When two enemies are talking, they’re not fighting
I came across a gentleman by the name of Daryl Davis online a little while ago and his story absolutely fascinated me.
Daryl is an African-American musician who has spent the better part of three decades establishing dialogue with and befriending members of the Ku Klux Klan (KKK).
In the time since Daryl began speaking with his presumable mortal enemy, he has claimed responsibility for the voluntary resignation of up to 200 members of the KKK, including high-ranking leaders.
Imagine that: a black man sitting down with leaders of a chronically racist organisation, imploring them to change their rigid mind on a fundamental belief of theirs.
Daryl has been met with both praise and criticism from many camps and political groups, but the results really speak for themselves.
Daryl Davis teaches us that seeking to understand people we perceive as being wrong trumps the growing combative approach of recent social movements on both (all) sides of politics.
This isn’t a new phenomenon, but it is certainly underutilised.
In his 1988 best-seller The 7 Habits of Highly Effective People, Stephen R. Covey implores the reader: seek first to understand, then to be understood, as the fifth habit.
What fascinates me is that genuine empathy, personal accountability and mutual respect are huge in the booming industry of self-help and personal development, yet very few influencers are willing to implement or even recommend these traits.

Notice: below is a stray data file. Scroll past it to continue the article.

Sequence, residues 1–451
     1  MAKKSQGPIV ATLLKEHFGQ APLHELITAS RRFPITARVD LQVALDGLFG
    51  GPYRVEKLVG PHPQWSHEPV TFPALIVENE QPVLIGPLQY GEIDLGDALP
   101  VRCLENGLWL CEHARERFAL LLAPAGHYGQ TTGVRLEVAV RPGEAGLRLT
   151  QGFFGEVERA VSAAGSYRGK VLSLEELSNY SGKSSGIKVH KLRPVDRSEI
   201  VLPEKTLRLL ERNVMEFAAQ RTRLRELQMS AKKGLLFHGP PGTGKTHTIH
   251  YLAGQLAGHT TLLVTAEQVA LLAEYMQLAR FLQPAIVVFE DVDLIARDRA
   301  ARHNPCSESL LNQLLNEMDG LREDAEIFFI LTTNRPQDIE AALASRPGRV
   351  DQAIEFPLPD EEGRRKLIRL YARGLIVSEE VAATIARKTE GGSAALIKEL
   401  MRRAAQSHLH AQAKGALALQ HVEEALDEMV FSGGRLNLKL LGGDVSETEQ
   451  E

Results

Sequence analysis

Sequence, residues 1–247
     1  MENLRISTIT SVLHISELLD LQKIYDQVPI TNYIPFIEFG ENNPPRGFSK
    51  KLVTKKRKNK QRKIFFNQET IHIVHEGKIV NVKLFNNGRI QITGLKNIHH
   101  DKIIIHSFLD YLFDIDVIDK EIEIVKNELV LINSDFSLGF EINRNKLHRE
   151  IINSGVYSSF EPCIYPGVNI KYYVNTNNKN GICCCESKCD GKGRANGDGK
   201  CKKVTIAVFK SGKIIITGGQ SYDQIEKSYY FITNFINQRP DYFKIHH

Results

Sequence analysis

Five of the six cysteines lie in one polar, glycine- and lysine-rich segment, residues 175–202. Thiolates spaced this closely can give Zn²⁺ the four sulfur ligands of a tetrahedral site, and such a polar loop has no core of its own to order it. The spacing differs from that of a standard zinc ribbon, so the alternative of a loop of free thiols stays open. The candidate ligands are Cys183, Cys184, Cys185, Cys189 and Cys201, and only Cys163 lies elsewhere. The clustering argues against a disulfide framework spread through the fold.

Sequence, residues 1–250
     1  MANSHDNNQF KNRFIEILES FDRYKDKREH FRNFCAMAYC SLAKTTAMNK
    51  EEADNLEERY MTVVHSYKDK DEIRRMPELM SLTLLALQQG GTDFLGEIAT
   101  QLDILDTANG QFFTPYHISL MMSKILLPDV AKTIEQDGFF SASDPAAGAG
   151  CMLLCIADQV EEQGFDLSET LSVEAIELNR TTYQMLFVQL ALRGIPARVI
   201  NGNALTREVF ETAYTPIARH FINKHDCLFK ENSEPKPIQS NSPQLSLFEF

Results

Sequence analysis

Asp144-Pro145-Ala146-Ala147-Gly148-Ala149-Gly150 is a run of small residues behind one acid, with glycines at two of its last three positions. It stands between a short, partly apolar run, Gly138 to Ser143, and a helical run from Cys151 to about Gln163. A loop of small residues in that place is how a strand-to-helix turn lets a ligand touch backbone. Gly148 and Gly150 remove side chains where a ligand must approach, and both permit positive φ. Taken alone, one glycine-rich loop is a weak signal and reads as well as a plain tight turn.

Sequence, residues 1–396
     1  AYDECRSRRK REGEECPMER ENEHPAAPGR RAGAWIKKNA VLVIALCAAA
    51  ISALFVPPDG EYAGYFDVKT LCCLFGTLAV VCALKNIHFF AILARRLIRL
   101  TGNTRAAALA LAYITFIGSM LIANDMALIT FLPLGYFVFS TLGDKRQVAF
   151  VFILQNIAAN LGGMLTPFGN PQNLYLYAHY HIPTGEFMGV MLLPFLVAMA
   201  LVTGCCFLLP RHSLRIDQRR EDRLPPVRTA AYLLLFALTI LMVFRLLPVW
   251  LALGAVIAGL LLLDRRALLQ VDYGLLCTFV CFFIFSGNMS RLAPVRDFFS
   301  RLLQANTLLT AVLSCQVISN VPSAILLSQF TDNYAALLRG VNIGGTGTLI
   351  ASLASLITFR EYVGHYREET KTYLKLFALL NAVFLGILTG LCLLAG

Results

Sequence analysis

Consider the behaviour of mindfulness gurus, politicians and celebrities during the election and inauguration of US President Donald Trump.
Why is this the case?
Because we are taught that those who have opposing views to us are evil and unworthy of being understood. The problem is our opponents have this same view of us, meaning we become locked in a stalemate and give each other labels to justify our ignorance.
This has been a huge challenge for me personally. I have always struggled with groups and individuals who blame each other for their problems so when I see it, I have to constantly remind myself that dialogue is superior to condemnation and to keep my cool.
It is so difficult because those who disagree with us shake the very foundations of how we believe the world to be. If our enemies are even a little bit right in what they are saying, we feel our very existence in the world we have manufactured is no more.
In response, we don't just strongly disagree with our opponent, block our ears and ignore their reasoning. We recruit a mob, confirming our biases by only listening to, reading and watching the opinions of those who dig us into a deeper hole of philosophical isolation.
If leaders and influencers were to just act in a more considered manner, imagine what dialogue could be established with ‘those who are wrong’. The primary challenge with this is the fact that there is too much profit in hate.